Will Smith has a new movie out. It's called King Richard, and it's a biopic about Richard Williams and his daughters, Venus and Serena. Of all the South Floridians who have seen it, nobody watched with a more discerning eye than Rick Macci, the legendary Boca Raton tennis coach who was an integral part of the story.
Having interviewed Macci on many occasions about his latest prodigies, covered the Williams sisters for more than two decades and enjoyed many a chat with their eccentric father, I was curious if Macci found the film as spot-on as I did.
"Best tennis movie ever! A masterpiece!" the gregarious Macci said on Monday between tennis lessons. "I think it will stand the test of time because it's about power, family, love, inspiration, motivation, education, following dreams, about so many different topics. It's not just a highlight reel of Venus and Serena."
Smith's towering performance as Richard Williams, down to the hunched shoulders, shuffled gait and ever-present toothpick, is expected to land him a Best Actor Oscar nomination.
Macci was portrayed perfectly by actor Jon Bernthal, from the fast talking to the "Pop the popcorn! Extra butter!" he shouts at young players to get them to move their feet faster. Actress Saniyya Sidney, who played the young Venus, even requested - and received - a lesson from "the real Rick Macci" to make her tennis scenes more authentic.
Sidney and Demi Singleton, who played young Serena, captivated the siblings' sisterly bond and their love for their three older sisters and their parents. Aunjanue Ellis plays Oracene "Brandy" Price, the siblings' mother, a tough-as-nails woman who has never gotten the credit she deserves.
The film also captured the distinct personalities of Venus - humble, reserved, private - and Serena - self-assured, spunky, and outgoing.
"I told Will [Smith] when I met him, the attention to detail, the walk, the talk, the one-liners, even the clothes, everything put me right back down memory lane," Macci said. "The whole thing blew me away. Will was even more Richard than Richard was. It was amazing. No one can give a better critique than Rick Macci because I was there for four years, every single day, and this film gets it so right."
Isha and Lyndrea Price, the two older sisters of Venus and Serena, were involved in the production of the film because they wanted the Williams' controversial patriarch to be portrayed correctly. Isha, Venus and Serena were among the executive producers, and Lyndrea was a costumer.
The sisters relied on their collective memories to recreate watching Disney movies and playing charades, writing in their journals at bedtime, singing in their Dad's Volkswagen van, and practicing with flat, used balls on the littered public courts of Compton, California, while gang members cheered them on.
The writers and producers examined old video. They read memoirs by Richard and Serena. And they read the book Macci Magic, which the coach co-wrote with former Miami Herald tennis writer Jim Martz.
In that book, Macci recalls how he first heard about Venus, his first visit to Compton and his first impressions of the siblings, how he bought the Williams family a $92,000 motor home and later put them up in a house in Florida, and many rich details of their four years training with him.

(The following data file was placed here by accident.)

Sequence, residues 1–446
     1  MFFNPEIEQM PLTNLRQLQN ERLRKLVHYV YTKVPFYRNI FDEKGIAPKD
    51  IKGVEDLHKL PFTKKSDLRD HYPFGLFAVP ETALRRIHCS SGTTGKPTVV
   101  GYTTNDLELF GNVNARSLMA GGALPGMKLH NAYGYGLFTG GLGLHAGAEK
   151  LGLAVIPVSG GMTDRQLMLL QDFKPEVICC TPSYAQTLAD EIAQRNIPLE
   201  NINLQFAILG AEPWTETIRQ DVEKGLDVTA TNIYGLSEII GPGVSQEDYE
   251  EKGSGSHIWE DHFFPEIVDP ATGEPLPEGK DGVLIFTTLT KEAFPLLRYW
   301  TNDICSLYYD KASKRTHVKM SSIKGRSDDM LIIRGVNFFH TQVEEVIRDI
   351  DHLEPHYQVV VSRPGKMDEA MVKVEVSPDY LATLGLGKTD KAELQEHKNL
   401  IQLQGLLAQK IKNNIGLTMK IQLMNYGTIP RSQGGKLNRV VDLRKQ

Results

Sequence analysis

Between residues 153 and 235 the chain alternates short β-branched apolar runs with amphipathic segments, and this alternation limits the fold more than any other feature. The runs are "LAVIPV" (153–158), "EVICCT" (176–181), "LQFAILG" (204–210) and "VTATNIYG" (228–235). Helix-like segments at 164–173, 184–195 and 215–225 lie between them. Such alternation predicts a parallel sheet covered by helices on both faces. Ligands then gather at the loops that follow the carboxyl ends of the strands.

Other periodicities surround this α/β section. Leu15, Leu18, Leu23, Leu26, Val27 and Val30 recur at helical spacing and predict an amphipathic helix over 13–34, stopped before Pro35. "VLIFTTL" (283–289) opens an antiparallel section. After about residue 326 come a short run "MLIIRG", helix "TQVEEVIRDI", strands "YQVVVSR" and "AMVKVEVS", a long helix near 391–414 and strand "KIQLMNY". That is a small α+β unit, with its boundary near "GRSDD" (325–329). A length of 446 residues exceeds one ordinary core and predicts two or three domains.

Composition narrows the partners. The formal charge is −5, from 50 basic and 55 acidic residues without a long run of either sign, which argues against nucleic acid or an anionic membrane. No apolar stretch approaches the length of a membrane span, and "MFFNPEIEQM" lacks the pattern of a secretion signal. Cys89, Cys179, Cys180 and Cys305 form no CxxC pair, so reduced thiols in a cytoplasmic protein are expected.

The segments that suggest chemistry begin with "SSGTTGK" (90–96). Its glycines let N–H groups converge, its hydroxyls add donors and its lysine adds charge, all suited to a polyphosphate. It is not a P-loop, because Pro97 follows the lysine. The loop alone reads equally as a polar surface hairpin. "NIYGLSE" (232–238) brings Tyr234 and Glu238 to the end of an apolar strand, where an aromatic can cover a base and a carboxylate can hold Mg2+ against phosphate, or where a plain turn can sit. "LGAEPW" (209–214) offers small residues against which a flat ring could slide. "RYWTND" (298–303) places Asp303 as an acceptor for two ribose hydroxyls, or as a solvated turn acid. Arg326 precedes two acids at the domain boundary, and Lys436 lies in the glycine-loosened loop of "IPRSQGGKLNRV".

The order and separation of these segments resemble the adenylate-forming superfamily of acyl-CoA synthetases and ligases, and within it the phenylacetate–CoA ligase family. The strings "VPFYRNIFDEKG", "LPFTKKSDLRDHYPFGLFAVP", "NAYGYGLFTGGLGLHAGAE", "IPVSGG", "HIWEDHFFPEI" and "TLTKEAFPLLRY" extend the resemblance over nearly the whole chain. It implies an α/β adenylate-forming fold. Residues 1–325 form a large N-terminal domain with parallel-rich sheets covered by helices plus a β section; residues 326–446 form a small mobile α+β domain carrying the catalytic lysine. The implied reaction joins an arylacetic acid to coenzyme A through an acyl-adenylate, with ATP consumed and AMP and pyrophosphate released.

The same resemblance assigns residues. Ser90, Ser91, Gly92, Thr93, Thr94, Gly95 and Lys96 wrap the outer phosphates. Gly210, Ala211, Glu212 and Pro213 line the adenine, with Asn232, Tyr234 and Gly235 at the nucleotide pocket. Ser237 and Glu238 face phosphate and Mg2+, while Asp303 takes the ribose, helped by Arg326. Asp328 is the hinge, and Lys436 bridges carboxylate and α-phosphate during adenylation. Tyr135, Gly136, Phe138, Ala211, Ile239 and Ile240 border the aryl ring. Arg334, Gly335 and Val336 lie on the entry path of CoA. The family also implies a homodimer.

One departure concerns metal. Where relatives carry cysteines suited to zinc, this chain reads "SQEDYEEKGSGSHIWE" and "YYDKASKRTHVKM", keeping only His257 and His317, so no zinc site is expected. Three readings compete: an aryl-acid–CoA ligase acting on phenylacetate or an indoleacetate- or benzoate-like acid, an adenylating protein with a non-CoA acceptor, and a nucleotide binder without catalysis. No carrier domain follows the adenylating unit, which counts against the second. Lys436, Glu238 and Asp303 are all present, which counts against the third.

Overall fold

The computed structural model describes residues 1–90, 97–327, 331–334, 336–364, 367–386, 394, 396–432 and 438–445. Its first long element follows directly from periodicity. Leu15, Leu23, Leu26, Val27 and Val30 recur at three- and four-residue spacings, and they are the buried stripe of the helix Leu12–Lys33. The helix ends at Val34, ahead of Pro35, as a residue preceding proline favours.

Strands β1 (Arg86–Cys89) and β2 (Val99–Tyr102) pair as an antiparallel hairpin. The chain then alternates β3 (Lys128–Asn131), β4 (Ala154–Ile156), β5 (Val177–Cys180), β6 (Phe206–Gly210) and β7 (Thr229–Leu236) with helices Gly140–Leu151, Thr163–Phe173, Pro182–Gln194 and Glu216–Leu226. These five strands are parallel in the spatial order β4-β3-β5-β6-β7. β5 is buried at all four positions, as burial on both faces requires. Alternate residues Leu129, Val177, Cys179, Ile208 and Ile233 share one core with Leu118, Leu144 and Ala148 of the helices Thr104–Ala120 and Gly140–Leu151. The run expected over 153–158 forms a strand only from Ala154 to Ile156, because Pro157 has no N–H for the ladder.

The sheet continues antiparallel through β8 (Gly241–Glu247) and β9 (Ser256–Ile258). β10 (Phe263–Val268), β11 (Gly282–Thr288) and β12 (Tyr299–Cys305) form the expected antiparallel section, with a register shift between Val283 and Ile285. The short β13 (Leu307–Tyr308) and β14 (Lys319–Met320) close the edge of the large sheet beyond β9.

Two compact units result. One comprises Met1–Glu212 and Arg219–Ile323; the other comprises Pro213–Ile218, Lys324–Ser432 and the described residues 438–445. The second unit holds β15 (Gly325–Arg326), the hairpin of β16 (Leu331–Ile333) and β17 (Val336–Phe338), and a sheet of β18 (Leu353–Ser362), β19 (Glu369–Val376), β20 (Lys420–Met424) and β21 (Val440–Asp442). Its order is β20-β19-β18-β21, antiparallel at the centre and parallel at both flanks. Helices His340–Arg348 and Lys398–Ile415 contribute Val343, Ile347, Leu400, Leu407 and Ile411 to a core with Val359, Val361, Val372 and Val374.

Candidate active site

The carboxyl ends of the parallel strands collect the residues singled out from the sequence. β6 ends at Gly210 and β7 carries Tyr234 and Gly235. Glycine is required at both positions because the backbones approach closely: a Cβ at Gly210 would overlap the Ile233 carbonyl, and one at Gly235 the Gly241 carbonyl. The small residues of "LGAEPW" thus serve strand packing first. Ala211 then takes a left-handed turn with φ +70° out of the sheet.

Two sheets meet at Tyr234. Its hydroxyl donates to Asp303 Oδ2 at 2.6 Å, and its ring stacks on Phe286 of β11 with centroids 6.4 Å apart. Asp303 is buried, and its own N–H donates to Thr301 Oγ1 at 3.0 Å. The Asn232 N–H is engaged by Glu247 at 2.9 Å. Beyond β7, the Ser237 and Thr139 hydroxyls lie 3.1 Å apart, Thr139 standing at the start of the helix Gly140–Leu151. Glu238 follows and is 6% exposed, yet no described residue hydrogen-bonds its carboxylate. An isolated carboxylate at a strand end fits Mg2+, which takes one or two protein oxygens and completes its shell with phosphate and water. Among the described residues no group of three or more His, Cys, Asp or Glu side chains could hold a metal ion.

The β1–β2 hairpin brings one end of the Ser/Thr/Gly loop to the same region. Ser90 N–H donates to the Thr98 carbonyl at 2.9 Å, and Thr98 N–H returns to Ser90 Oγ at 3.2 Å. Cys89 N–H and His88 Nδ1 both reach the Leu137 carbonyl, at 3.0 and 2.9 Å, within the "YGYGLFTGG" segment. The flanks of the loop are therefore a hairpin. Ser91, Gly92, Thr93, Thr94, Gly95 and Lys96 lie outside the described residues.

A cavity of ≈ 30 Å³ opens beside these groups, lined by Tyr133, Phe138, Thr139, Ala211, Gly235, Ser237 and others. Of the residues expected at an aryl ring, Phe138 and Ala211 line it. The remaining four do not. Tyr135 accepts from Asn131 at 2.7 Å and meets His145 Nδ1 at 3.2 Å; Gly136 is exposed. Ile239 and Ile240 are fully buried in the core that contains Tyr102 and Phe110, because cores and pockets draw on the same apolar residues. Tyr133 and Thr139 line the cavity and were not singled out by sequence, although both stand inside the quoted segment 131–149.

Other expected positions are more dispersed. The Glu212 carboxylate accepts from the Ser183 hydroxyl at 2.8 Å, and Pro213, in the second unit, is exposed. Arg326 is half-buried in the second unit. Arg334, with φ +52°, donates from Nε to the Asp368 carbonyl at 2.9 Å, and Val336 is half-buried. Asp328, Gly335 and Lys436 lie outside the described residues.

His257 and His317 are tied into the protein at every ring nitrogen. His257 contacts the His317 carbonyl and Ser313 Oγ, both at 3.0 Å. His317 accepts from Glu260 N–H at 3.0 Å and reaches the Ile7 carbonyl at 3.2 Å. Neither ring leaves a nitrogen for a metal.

Macci attended the red-carpet premiere of the film in Los Angeles, and said he shared laughs and many memories with Venus and Serena at the after party.
"The movie was so carefully done they even trained the girls how to hold and swing the racket the way Venus and Serena did back then," Macci said.
"It was spot-on. It's the best tennis movie, by far, ever, because the tennis part is right. And all the details about how the girls walked and talked and the mannerisms, all the little things, people would almost had to have been there to get it so right. It was mind-boggling to see."
He said even the outfit Venus wore when she made her pro debut in Oakland was perfectly replicated. Also, the way she played in that unforgettable second-round match against then-number one Arantxa Sanchez Vicario.
"She came to the net 33 times in that match, and they really emphasised that, before the bathroom break, how aggressive she was, swing volleys and approach shots," Macci said. "They researched every detail.''
The film crew flew from California to Haines City in Florida to see the Grenelefe Golf and Tennis Club, where Macci had his academy in the early 1990s and trained Andy Roddick, Jennifer Capriati and other champions. Macci, 66, now has his academy at the Boca Raton South County Regional Park, where he teaches more than 50 hours per week.
"How Richard acted in that movie, and how he thought, that's exactly how he was," said Macci.
Williams really did write a 78-page plan for his daughters' rise to greatness before they were born after seeing a female tennis player on TV receive a $40,000 winner's cheque. He really did demand that they practise at the crack of dawn and in the rain and that they learn multiple languages.
He really did pull his daughters out of junior tennis and really did turn down a $3 million Nike contract offer for Venus when she was 14 (seven months later, Reebok signed her to a $12 million deal).
As the final credits roll, one is left thinking about Richard Williams' complicated legacy. Was he an overbearing tyrant or was he just a loving, stubborn, unorthodox dreamer?
Probably a little of both. But one thing is not up for debate: His plan worked. His daughters are among the greatest athletes of all time and their rise from Compton to tennis royalty makes for a perfect Hollywood script.
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